In most cases of accidents with rays, what happens is the diver stepping or disturbing the streak and this has a defensive movement with the tail when trying to escape, resulting in extremely painful wounds.


The typical appearance of the wound presents a pale, swollen area, with a surrounding halo of bluish hue. The main problem in these cases is that secondary infections are very common.

Systemic symptoms such as dizziness, fainting sensation, nausea, vomiting, cold sweats, difficulty breathing and shock may also appear.


The prevention and treatment of these cases are identical to those described for the generality of injuries caused by poisonous fish.


In most cases the result of contact with these beings is only a local irritation of the skin, but that can be very painful, as with the small Pelagia noctiluca (jellyfish), very common in the Azores.

The most careful cases are Sea wasp and Physalia physalis (Portuguese caravel).


In these two cases, toxins can cause severe systemic allergic reactions, which may quickly result in shock or even death (fatal cases have already been reported after contact with the Portuguese caravel).

There is also a danger of triggering an anaphylactic shock, a massive allergic reaction that endangers the life of the injured person. This symptom is more frequent in people who already have a clinical history of allergic manifestations.

Because it is difficult to predict the occurrence of an anaphylactic shock and in view of the severity that this situation represents, it is very important to keep the injured person under surveillance and it is justified to send them immediately to the Hospital.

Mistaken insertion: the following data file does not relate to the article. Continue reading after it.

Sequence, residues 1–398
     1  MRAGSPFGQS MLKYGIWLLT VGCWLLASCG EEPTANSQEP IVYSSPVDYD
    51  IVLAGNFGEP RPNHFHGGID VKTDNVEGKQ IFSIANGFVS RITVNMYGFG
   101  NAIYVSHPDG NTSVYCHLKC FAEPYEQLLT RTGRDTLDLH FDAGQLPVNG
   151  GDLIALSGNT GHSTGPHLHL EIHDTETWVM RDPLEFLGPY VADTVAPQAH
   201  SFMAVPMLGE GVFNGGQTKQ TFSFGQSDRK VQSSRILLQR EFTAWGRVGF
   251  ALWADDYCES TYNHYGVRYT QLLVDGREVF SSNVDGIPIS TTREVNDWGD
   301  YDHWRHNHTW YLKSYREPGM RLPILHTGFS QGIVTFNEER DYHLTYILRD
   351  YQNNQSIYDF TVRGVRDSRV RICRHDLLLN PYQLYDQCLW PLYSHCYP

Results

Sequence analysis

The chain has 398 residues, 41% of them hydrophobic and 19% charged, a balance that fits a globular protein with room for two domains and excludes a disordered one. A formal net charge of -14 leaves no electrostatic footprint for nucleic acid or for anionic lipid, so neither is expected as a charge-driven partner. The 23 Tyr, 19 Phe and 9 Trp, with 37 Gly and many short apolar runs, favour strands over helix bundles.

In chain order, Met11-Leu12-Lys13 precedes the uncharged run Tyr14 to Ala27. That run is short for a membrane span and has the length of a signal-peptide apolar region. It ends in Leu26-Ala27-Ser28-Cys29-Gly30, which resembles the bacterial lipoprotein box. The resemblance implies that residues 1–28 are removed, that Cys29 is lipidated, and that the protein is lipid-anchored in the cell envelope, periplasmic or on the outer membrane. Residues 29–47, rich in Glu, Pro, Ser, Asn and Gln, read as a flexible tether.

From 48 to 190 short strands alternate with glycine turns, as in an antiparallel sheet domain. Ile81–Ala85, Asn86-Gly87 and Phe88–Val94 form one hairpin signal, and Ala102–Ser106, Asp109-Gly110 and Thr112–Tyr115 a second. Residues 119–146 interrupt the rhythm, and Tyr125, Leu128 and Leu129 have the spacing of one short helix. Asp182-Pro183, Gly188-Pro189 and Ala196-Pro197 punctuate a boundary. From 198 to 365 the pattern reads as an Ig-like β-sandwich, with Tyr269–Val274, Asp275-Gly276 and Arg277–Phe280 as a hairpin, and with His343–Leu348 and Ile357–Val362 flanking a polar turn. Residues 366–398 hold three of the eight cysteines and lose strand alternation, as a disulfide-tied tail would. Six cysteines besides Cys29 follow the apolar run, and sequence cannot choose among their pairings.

Of course prevention in this case is very important. Therefore, the diver should be aware of the presence of these animals to avoid accidental contact, especially with unprotected parts of the body. Even with the body protected, contact is to be avoided, because the burning cells that are trapped in the suit can still cause burns.
Rubbing the wound with sand does not produce any relief and can even lead to the release of more toxins if there are still remnants of tentacles on the skin.


Local treatment for pain relief may include topical steroids, anesthetic ointments, and antihistaminic ointments, or even systemic analgesics and antihistamines.


Due to its sometimes cutting or abraziva structure, contact with coral can result in important wounds that sometimes take a long time to heal, often arising secondary infections. In addition, some corals have hive cells, which can cause severe burns, as with Millepora platyphylla (coral-fire).